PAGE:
People say, “If you’ve made $3.3 billion, how can the league be suffering?” Well there’s a disparity. I would say probably of the 30 teams – I don’t know this exactly – but it used to shake out that the top 10 made money, the top six or seven made a lot of money. The ones in the middle ten, like the Buffalo Sabres, when we were running it, we would make money, but we wouldn’t make money on the hockey operations. But if you combine that with all other arena activities we were net cash flow positive. I think we’d have trouble in today’s environment to be that way with the higher salaries.

The other ten teams, they lose money – some of them lots of money – so therein lies the problem. I think that this conflict – if you’ll call it that – has all of those elements to it.

The league will say “We can’t afford to pay 57 percent of our income to our hockey players,” and I think they’re right about that. I think that it’s too high a percentage.

On the flip side, the players will say, “Ten of your teams can easily and 10 of them can’t so why don’t we set up a system where the assistance to the lower ten is shared by the owners and the players.”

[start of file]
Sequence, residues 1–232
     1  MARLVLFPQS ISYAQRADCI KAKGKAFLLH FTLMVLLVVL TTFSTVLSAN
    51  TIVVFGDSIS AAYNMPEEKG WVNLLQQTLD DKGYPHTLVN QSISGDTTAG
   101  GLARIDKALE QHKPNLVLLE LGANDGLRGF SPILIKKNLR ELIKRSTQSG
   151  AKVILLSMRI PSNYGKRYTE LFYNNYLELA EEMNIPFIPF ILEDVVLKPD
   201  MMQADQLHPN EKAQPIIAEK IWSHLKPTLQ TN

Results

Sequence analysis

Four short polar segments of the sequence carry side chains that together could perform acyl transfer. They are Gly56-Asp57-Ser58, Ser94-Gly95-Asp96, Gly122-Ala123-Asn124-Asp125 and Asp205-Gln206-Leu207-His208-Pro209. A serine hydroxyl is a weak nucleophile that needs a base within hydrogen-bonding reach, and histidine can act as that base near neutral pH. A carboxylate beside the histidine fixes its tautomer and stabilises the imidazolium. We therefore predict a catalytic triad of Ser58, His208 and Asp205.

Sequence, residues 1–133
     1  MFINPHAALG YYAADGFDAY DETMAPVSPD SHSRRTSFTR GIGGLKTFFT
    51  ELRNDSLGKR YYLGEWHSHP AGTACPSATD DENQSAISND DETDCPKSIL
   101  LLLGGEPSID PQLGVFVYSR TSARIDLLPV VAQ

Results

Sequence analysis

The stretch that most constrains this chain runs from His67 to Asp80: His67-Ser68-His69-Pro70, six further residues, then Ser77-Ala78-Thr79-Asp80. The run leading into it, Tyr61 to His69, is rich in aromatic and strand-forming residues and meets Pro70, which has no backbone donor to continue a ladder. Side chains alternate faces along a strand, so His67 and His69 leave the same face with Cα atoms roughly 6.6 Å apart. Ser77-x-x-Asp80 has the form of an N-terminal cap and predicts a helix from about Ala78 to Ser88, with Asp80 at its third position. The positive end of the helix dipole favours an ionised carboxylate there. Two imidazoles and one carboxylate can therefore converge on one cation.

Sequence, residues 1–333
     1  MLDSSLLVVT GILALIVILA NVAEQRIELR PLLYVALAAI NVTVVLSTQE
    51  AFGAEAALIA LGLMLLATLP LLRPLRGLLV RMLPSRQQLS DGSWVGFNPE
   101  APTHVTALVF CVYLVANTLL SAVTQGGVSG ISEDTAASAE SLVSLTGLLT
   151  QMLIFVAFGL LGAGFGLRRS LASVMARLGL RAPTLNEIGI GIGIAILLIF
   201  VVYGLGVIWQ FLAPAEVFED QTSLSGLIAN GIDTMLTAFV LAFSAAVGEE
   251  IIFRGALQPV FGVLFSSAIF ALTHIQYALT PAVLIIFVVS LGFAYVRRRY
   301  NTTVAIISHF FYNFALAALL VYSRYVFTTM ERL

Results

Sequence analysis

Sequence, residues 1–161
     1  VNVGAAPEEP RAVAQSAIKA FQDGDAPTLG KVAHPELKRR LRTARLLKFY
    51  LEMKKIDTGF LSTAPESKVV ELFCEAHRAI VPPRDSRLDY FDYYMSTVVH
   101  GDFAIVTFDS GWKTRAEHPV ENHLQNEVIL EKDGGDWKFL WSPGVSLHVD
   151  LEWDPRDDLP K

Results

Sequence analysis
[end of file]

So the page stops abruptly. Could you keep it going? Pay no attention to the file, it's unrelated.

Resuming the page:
Heaney: Do they have a point?

Quinn:  I think they do have a point and I think the league has recognized it. I don’t know what the players’ reaction today (Thursday) is going to be to the proposal that was made on Monday. In that proposal, the league just about doubled the revenue sharing from the larger clubs. I think it will probably go up higher than that because when you take 10 teams, if they go down to 50 percent they’re giving back a couple hundred million dollars and probably 10 of those teams are going to get most of that $200 million, so in theory they can afford to put a lot of that back into a revenue sharing pool  that lifts the bottom third.

What you want as a fan – you want teams that are stable and can compete with each other. The spread in the wealth to the poor after seven years in the current CBA became too great. I think you start to see a problem in the competitiveness.

Heaney: What went wrong from the owner’s perspective with the last deal? Because it was a deal they drove a hard bargain and got.

Quinn: I’d say if I was going to be critical of it, they won the battle over having a cap and a percentage of revenue in escrow, which are very good things for the stability of the league and the teams. They lost the war over those things that tend to escalate contracts.